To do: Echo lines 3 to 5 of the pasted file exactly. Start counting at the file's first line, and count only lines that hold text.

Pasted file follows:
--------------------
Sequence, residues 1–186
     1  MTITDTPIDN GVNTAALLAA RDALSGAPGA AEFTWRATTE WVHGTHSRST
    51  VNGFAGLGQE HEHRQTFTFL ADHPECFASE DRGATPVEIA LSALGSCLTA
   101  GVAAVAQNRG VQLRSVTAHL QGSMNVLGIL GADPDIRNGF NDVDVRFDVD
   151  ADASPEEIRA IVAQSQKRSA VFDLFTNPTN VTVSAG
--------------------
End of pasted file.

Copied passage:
    51  VNGFAGLGQE HEHRQTFTFL ADHPECFASE DRGATPVEIA LSALGSCLTA
   101  GVAAVAQNRG VQLRSVTAHL QGSMNVLGIL GADPDIRNGF NDVDVRFDVD
   151  ADASPEEIRA IVAQSQKRSA VFDLFTNPTN VTVSAG